By John Culclasure, Central Appalachian States Manager
On June 25, legislation to constitutionally protect the right to hunt, fish, and harvest wildlife in North Carolina passed both legislative chambers. The amendment will be presented to voters for ratification in the November 2018 elections.
Before the House passed Senate Bill 677 92-23, it adopted an amendment from North Carolina Legislative Sportsmen’s Caucus (Caucus) Member Representative David Lewis that strengthened the legislation and rejected other amendments that would have weakened the bill. Hours later, the Senate concurred 41-6 with the amended bill.
Sponsored by Caucus Members Senators Danny Earl Britt, Tom McInnis, and Norman Sanderson, SB 677 passed both chambers by the required three-fifths vote for a constitutional amendment. The bill is not subject to the Governor’s consideration.
On June 20, representatives from the Congressional Sportsmen’s Foundation, National Rifle Association, and Delta Waterfowl testified in favor of the legislation before the Senate Agriculture/Environment/Natural Resources Committee. Right to hunt, fish, and harvest wildlife constitutional amendments are critical to protect our country’s hunting, fishing, and trapping traditions in the face of increasing threats to outdoor sporting traditions. Should voters in North Carolina voters ratify the amendment this fall, North Carolina will join 21 other states that have constitutionally protected the right to hunt, fish, and harvest wildlife.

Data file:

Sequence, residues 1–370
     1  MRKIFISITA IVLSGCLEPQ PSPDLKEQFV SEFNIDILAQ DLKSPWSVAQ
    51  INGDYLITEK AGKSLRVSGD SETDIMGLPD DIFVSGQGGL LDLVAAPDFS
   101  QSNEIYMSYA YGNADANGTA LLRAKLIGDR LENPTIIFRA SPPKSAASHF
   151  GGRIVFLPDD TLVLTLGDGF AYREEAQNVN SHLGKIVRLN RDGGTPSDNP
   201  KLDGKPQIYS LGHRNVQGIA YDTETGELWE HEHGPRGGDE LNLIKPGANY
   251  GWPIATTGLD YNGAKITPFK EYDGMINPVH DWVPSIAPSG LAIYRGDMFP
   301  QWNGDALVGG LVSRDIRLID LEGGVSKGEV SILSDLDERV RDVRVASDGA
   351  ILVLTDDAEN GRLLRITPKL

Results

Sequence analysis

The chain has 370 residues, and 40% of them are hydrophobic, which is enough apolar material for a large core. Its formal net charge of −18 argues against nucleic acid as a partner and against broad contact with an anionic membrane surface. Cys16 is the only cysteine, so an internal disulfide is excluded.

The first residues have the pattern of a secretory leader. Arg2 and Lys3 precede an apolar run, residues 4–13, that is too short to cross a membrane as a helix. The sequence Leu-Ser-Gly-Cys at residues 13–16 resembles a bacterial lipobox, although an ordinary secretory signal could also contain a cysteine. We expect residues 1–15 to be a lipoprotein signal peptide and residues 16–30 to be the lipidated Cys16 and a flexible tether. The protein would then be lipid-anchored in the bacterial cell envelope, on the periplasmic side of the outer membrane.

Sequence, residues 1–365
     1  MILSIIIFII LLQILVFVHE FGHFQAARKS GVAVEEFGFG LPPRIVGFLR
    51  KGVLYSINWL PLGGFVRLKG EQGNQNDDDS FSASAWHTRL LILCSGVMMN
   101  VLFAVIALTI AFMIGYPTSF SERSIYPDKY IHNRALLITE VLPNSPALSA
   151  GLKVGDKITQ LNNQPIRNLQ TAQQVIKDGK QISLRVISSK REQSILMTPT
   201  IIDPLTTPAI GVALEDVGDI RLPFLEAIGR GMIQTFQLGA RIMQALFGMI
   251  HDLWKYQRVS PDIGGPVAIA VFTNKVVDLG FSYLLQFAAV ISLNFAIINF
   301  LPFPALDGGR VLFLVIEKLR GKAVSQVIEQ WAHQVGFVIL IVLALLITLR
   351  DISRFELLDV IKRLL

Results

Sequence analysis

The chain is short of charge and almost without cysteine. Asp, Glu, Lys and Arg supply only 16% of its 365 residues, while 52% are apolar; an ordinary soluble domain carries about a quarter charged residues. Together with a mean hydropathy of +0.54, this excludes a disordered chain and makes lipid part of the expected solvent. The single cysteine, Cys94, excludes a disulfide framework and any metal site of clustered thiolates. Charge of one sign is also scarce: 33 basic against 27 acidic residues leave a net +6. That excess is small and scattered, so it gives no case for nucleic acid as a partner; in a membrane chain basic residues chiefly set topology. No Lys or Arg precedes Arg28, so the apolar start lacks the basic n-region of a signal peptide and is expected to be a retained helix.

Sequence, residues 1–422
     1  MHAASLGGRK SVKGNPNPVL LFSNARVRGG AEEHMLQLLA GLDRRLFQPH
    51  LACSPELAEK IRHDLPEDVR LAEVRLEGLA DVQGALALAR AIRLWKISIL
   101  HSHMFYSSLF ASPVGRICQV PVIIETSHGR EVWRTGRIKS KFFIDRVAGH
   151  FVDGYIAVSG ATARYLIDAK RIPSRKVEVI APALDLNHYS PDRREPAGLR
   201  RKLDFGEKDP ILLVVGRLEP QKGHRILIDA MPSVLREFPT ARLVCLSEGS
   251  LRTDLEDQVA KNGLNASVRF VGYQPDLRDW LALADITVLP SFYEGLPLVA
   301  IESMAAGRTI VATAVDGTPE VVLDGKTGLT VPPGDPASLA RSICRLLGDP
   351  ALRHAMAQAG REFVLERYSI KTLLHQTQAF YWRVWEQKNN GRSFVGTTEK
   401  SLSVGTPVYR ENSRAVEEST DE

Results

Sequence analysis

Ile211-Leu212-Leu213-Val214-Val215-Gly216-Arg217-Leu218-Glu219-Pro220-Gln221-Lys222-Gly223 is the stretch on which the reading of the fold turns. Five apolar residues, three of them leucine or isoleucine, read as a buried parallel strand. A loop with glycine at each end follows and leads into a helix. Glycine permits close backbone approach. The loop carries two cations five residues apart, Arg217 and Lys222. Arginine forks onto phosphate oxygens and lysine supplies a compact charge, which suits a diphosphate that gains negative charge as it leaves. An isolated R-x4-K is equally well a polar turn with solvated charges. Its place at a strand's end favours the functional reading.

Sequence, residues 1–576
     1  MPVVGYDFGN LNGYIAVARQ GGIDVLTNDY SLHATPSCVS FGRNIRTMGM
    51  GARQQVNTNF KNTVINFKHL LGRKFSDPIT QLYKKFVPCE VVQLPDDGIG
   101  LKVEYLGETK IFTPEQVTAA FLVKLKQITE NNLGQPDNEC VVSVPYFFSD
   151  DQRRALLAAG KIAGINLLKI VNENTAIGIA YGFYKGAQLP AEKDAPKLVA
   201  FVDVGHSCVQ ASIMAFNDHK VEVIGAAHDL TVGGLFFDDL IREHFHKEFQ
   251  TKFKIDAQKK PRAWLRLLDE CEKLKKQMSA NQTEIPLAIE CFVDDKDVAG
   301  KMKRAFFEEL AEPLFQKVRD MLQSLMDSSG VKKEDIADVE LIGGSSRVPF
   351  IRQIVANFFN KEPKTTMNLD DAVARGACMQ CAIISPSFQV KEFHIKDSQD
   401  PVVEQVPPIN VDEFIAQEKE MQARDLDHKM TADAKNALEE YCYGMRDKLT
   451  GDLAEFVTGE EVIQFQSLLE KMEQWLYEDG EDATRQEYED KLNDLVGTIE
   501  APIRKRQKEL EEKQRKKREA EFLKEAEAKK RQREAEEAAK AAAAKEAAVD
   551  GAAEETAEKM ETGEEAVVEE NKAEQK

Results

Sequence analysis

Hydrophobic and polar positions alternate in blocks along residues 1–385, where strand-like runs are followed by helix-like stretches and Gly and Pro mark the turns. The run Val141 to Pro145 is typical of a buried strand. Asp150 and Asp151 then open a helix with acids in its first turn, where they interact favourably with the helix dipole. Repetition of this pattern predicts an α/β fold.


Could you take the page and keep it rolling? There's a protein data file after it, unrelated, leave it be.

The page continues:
Supporting over 35,000 jobs in the state and contributing more than $2.3 billion to the state’s economy, North Carolina’s hunters, anglers, and trappers are important economic drivers. In 2017 alone, sportsmen and women also contributed over $56 million to conservation funding in North Carolina through the purchase of hunting and fishing licenses and sporting-related equipment.
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Your opinion counts
Which of these considered changes do you believe would have the most positive impact on management of the recreational red snapper fishery in the Gulf of Mexico?Vote Here
- Granting full management authority (stock assessments, management of both commercial and recreational sectors, etc.) to the five Gulf states. (35.00%)
- Extending the states’ current 9-mile management jurisdictions to 25 miles. (20.00%)
- Permanently allow each state to manage its recreational sector allocation out to 200 nautical miles. (20.00%)
- Use of more appropriate management models, such as rate of harvest, rather than the commercial hard-poundage quota system currently in place. (20.00%)
- Inclusion of additional, non-federal data in stock assessments. (5.00%)